Saturday, August 06, 2016

Job Displacement in a Globalised World

I know a little economic theory from the three years I spent studying at university, mind you it was some thirty years ago now. Also a little knowledge can be dangerous but I have been pondering how well traditional economic theory stands up in our new globalised, internet world. Let's take for example, job displacement.

Economic theory tends to suggest when old industries are displaced by new companies and technologies, that everyone gains. In essence goods and services get cheaper, new companies provide new employment and living standards rise. However, this makes certain assumptions such as an efficient economy where workers can move and retrain. It also makes no allowance for globalisation.

A new report by Terry Gregory, Anna Salmons and Ulrich Zierahn, entitled Racing With or Against the Machine? suggests things don't work as smoothly in a global world. They looked at the impact of technological change across 238 European regions in the period 1999-2010. They estimate that the displacement of workers by technology in this period was 10m jobs. They estimated this new technology and lower prices would have led to the creation of 9m new jobs which should have worked their way through the economy as the extra wages and profits were spent in the local economy.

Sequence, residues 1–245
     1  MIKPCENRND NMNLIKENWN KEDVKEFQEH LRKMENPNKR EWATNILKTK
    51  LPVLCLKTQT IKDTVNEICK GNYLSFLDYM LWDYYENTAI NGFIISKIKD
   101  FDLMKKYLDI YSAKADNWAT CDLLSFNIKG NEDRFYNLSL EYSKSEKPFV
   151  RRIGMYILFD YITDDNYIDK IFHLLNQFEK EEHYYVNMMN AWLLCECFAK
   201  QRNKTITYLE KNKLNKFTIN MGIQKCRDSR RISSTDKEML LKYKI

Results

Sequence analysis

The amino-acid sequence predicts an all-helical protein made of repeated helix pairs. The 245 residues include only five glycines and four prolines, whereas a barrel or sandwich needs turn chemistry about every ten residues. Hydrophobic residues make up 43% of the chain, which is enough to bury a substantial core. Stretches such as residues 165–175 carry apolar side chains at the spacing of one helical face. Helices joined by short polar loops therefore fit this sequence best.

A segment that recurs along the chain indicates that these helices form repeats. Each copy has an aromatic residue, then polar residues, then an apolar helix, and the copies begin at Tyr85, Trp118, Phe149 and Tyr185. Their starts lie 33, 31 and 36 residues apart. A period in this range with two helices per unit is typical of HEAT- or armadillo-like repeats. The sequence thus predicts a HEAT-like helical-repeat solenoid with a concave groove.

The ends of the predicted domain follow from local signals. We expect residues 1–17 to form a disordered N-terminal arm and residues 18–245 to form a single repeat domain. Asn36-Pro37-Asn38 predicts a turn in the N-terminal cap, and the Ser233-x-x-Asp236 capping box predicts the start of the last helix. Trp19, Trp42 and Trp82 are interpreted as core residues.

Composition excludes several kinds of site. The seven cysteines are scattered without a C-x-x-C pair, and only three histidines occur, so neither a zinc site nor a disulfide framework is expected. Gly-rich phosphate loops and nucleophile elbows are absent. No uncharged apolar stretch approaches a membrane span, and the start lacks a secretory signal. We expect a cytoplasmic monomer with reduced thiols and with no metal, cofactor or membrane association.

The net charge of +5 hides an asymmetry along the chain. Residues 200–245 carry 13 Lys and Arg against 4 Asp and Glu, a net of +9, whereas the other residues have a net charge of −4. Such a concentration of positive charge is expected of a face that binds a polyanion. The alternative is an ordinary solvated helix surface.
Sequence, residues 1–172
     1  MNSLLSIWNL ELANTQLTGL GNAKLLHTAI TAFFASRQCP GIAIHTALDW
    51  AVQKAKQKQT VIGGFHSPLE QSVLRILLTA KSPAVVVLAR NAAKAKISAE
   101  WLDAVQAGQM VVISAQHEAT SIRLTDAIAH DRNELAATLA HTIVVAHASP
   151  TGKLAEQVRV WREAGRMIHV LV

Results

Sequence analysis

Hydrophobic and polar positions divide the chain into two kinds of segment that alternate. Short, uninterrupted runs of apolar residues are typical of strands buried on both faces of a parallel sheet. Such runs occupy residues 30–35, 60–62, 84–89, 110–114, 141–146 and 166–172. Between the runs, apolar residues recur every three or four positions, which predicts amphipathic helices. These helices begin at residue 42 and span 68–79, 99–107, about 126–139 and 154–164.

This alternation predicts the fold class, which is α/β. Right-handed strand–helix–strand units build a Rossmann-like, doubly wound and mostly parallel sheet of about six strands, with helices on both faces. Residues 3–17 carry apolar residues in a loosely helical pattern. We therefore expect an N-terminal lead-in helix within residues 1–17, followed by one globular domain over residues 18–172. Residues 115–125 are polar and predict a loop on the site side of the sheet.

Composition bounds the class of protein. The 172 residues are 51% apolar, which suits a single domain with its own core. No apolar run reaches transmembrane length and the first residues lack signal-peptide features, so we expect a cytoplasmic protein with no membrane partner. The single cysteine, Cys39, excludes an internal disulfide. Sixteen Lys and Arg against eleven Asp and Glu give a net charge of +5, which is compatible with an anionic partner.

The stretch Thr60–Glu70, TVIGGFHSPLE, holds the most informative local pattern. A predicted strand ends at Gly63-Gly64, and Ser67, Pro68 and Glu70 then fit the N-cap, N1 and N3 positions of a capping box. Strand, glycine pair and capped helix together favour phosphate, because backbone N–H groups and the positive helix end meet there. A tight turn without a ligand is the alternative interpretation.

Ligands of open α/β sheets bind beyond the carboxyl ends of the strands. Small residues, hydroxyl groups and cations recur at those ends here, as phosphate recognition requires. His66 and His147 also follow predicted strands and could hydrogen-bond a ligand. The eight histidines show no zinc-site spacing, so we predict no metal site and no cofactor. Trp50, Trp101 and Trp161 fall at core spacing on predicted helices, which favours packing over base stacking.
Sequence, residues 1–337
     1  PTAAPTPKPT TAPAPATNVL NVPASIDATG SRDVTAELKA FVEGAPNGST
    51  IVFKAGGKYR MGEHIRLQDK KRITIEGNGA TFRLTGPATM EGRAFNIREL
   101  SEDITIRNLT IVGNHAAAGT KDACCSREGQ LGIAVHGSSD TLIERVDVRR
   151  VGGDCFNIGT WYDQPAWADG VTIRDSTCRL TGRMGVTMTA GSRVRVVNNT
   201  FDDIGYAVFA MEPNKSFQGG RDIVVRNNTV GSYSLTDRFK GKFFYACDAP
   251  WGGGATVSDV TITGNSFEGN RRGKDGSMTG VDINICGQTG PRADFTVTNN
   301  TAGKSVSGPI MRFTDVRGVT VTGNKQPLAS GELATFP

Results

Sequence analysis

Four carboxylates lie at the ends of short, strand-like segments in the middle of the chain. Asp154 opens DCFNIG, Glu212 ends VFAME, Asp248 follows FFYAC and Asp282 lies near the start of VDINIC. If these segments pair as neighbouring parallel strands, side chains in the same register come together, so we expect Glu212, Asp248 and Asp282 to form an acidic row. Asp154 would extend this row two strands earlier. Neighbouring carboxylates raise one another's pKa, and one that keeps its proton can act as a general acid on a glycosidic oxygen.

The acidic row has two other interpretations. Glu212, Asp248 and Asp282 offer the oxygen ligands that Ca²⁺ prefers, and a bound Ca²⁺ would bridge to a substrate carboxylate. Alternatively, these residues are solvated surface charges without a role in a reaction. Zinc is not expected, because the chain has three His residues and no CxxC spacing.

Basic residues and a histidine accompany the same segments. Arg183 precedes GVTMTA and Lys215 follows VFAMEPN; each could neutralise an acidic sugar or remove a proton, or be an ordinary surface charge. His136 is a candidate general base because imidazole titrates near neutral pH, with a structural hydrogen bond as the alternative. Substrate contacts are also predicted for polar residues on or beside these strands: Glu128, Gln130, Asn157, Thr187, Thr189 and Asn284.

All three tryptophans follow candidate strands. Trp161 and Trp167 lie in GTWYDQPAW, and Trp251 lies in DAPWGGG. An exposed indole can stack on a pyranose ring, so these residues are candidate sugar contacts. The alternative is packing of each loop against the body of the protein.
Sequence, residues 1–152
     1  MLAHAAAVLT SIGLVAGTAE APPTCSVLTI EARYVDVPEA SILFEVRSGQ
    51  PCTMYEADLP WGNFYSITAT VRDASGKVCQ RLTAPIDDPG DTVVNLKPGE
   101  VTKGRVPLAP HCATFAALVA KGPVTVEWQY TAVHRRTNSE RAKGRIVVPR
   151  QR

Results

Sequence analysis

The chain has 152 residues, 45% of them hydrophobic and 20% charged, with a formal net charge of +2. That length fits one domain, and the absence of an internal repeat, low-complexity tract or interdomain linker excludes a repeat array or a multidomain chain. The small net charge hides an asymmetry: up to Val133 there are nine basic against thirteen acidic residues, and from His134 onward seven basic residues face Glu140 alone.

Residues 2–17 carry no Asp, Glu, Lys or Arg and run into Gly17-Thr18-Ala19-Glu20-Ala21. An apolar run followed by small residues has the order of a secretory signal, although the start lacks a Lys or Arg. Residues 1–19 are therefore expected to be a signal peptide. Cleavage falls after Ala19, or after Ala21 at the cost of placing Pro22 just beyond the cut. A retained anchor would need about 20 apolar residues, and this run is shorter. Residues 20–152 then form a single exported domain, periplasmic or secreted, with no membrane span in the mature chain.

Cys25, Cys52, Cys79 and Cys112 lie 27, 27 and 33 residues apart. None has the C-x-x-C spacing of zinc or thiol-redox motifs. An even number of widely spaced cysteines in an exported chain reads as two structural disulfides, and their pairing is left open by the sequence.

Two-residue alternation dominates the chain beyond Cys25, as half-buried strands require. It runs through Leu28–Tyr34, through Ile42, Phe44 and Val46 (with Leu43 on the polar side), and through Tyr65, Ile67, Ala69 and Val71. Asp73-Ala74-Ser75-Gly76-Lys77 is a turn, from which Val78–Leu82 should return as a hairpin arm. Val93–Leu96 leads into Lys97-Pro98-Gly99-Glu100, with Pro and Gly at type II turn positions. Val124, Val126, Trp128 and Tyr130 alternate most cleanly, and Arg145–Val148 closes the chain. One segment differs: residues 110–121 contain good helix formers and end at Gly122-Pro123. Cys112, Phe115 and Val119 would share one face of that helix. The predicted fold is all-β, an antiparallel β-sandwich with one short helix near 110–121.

However, if you assume all profits flow abroad, the authors estimated net job creation in the local economy would only be 2m new jobs. Profits need to be recycled locally to create opportunities for displaced workers.

My question is what happens when say Google or Facebook hoovers up advertising profits from local newspapers, or AirBnB gains profits from tourists, or Uber takes profits from local taxi journeys. How much of their profits are recycled locally? How much flows back to the parent company in the US for example or is held offshore or paid in dividends to shareholders held by them offshore or spent in other countries?

While economic theory may hold good for the global economy, it seems to me the local jobs displaced are unlikely to be fully replaced by the benefits of new technology, particularly the reinvestment of the profits in the local economy.